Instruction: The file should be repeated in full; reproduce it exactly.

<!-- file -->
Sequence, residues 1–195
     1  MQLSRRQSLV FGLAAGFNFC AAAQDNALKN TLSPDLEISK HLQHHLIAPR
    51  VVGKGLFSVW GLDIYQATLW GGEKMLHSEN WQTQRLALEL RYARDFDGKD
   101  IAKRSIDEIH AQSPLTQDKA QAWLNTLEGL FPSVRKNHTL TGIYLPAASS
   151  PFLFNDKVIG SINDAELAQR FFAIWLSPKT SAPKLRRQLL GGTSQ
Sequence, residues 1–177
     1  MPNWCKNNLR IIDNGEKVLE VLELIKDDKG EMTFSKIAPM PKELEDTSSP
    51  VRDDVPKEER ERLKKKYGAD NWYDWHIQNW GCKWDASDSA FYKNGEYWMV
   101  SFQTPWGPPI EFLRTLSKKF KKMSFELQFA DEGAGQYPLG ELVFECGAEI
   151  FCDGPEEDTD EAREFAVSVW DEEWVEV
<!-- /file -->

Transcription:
Sequence, residues 1–195
     1  MQLSRRQSLV FGLAAGFNFC AAAQDNALKN TLSPDLEISK HLQHHLIAPR
    51  VVGKGLFSVW GLDIYQATLW GGEKMLHSEN WQTQRLALEL RYARDFDGKD
   101  IAKRSIDEIH AQSPLTQDKA QAWLNTLEGL FPSVRKNHTL TGIYLPAASS
   151  PFLFNDKVIG SINDAELAQR FFAIWLSPKT SAPKLRRQLL GGTSQ
Sequence, residues 1–177
     1  MPNWCKNNLR IIDNGEKVLE VLELIKDDKG EMTFSKIAPM PKELEDTSSP
    51  VRDDVPKEER ERLKKKYGAD NWYDWHIQNW GCKWDASDSA FYKNGEYWMV
   101  SFQTPWGPPI EFLRTLSKKF KKMSFELQFA DEGAGQYPLG ELVFECGAEI
   151  FCDGPEEDTD EAREFAVSVW DEEWVEV